Keywords: providers, technical assistance

373. Budman, S. H. (1992). Models of brief individual and group psychotherapy. In J. Feldman & R. J. Fitzpatrick (Eds.), Managed mental health care: Administrative and clinical issues (pp. 231-248). Washington, DC: American Psychiatric Press.

The author of this chapter discusses definitional confusion over what constitutes brief therapy and distinguishes between the therapeutic assumptions, perspectives, and expectations of the long- and short-term therapists. He discusses several basic principles of brief individual and group therapy and describes models of brief individual and group psychotherapy that take into account the realities of working in a prepaid health care environment. He concludes that in order for brief therapy in managed settings to be provided in a high-quality, competent man-ner, therapists need special training programs in HMOs.
Keywords: models, psychotherapy

374. Budman, S. H., & Armstrong, E. (1994). Brief therapy for managed mental health companies: Becoming a learning organization. Managed Care Quarterly, 2, 31-35.

The authors argue that neither contracted mental health providers nor case managers at managed mental health companies are sufficiently trained in time-efficient therapy. A success-ful provider is often defined by managed care companies by the brevity of treatment and the lack of recidivism of clients. The authors put forward a model that focuses not so much on the brevity of treatment as on the time-effectiveness of treatment. This article describes some of the ways that providers can learn to use this mode of treatment effectively, but focuses on the challenges to managed care companies to provide training programs for their network providers. The authors contend that the survivors in this competitive industry will be those companies that are able to learn about the services they are offering, which in essence become "learning organizations."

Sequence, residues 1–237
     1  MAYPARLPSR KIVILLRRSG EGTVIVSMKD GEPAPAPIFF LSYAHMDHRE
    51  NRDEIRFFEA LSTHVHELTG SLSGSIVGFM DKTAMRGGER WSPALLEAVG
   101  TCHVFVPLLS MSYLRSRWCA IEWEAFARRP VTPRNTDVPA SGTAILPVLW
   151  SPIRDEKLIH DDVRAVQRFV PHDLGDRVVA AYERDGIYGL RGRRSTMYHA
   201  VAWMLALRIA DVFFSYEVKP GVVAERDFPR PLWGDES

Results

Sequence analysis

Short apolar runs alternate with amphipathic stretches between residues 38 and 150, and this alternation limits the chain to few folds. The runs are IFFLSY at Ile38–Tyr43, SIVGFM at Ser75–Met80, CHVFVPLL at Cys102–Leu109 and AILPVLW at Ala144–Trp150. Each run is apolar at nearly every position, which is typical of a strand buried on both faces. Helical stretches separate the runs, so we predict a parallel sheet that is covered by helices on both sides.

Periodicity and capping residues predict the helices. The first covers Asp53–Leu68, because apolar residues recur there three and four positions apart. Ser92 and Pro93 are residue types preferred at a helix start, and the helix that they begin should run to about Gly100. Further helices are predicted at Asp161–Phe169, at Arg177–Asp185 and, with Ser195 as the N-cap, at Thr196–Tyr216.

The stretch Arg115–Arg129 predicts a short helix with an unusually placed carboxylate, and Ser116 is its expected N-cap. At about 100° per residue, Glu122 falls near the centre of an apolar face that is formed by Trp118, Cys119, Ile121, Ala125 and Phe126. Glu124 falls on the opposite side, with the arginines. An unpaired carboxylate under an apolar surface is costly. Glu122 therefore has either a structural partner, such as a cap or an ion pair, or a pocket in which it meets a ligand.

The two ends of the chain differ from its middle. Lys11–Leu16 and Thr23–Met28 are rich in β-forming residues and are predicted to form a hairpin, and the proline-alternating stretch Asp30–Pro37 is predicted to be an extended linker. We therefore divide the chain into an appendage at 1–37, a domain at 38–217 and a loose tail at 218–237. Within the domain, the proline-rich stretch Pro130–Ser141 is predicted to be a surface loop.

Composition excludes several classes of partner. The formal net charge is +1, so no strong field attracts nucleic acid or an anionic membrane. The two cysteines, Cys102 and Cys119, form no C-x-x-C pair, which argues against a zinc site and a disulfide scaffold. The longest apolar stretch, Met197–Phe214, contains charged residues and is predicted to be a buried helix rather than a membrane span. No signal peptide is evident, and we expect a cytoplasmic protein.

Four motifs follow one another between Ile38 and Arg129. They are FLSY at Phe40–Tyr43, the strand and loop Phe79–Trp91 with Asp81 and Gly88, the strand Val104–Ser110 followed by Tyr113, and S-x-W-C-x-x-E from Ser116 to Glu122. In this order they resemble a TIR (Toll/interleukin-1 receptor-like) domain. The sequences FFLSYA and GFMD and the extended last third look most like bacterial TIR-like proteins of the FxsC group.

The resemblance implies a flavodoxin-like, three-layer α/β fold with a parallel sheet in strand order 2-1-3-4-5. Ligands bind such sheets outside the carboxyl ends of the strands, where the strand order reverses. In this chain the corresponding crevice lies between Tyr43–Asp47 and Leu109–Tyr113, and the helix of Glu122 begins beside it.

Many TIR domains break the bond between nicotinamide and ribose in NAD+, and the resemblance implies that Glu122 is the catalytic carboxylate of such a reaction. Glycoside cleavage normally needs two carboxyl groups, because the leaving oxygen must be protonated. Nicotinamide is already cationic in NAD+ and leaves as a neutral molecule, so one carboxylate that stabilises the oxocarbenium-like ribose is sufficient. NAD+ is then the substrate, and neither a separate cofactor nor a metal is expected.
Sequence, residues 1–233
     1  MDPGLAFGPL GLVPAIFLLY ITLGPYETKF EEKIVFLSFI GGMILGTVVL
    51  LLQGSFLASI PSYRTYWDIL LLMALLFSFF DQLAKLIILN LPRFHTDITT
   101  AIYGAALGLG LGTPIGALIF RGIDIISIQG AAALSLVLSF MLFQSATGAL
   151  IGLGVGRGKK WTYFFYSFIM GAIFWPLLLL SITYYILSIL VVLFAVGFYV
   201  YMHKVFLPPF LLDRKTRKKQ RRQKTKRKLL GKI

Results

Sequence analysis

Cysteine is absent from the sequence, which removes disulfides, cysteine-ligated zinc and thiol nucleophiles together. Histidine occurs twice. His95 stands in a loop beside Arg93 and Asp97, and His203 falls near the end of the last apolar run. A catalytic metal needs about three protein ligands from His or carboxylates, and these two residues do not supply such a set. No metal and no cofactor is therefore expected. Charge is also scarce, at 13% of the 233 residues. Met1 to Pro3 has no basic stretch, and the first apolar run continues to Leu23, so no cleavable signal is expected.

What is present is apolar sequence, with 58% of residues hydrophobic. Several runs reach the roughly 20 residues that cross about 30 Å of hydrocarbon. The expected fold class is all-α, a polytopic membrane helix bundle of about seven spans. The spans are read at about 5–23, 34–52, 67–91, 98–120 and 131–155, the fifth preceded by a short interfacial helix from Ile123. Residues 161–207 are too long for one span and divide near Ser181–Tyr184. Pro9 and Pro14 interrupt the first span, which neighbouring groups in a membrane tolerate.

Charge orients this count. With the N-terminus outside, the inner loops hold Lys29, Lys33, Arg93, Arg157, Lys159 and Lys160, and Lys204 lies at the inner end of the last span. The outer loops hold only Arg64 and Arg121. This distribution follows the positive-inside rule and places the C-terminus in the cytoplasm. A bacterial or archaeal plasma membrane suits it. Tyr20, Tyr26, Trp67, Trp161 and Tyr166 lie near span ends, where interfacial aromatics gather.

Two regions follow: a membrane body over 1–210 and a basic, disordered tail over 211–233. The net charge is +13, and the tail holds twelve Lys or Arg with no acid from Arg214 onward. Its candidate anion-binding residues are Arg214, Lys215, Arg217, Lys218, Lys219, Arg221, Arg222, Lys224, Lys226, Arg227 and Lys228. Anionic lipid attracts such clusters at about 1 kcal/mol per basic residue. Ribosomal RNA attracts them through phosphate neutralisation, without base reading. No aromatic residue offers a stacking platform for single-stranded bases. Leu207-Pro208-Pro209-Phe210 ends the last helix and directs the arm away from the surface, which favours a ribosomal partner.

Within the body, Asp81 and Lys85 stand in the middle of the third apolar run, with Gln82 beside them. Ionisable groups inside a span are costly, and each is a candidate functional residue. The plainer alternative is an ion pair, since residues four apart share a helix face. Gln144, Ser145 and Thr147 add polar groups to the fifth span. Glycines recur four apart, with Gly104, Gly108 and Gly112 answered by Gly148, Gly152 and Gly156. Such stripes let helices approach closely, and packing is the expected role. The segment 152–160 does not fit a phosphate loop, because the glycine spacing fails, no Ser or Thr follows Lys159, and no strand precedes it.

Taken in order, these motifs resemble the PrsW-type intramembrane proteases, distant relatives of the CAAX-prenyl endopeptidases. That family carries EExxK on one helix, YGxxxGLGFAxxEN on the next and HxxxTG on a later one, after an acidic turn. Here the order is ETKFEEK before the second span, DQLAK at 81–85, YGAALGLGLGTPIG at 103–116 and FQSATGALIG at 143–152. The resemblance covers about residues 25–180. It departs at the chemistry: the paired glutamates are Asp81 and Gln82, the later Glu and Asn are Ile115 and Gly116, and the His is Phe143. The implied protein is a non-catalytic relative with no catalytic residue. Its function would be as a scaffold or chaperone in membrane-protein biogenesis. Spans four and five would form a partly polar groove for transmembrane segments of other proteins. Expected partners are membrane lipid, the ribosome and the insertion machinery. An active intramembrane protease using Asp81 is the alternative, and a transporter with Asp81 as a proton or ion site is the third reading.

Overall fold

Keyword: training

375. Goldman, W., & Feldman, S. (Eds.). (1993). New Directions for Mental Health Services, 59.

In this special volume of New Directions for Mental Health Services on managed mental health care, the editors bring together a wide range of expertise on the subject. Authors present alternative models of managed mental health care. Among the nine chapters are ones describ-ing models of managed mental health care from various perspectives, including providers and employers. Other chapters discuss how managed care can focus on special client groups such as children and adolescents or persons with substance abuse problems. Two model programs for managed services in the public sector are described; other chapters explore the impact of managed care, and historical and policy links with the community mental health movement.